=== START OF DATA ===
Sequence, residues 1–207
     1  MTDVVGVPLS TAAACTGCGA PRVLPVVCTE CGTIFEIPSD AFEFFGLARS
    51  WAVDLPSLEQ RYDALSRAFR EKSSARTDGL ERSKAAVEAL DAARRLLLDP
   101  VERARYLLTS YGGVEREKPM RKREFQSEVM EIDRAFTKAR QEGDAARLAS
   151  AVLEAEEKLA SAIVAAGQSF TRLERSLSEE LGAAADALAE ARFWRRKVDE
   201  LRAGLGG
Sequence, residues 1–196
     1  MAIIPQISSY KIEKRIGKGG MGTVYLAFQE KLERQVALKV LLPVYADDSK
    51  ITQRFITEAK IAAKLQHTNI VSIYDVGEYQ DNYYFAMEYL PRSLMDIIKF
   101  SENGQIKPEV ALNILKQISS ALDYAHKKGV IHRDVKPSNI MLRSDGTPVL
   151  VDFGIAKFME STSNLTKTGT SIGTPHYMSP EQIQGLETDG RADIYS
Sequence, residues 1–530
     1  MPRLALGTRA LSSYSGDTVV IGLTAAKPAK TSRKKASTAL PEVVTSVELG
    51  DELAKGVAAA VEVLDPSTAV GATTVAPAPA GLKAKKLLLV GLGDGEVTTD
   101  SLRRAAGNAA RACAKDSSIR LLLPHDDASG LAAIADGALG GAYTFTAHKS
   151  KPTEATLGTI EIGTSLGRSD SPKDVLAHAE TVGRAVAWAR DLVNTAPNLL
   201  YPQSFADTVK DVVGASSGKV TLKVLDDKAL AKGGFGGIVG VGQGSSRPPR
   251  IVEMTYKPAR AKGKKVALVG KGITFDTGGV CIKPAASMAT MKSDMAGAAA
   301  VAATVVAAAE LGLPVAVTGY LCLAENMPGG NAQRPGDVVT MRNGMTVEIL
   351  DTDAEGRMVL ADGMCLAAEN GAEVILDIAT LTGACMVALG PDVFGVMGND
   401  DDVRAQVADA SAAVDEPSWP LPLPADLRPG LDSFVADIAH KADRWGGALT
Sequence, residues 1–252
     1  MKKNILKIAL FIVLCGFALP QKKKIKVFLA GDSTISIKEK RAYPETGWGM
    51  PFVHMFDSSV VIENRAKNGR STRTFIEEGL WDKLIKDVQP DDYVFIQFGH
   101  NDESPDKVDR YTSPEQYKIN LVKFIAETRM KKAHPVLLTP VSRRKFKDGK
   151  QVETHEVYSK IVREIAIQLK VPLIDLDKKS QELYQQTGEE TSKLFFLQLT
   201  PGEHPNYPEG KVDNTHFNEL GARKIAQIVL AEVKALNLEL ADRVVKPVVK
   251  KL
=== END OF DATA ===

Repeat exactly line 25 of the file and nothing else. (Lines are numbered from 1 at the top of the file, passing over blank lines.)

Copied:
   101  NDESPDKVDR YTSPEQYKIN LVKFIAETRM KKAHPVLLTP VSRRKFKDGK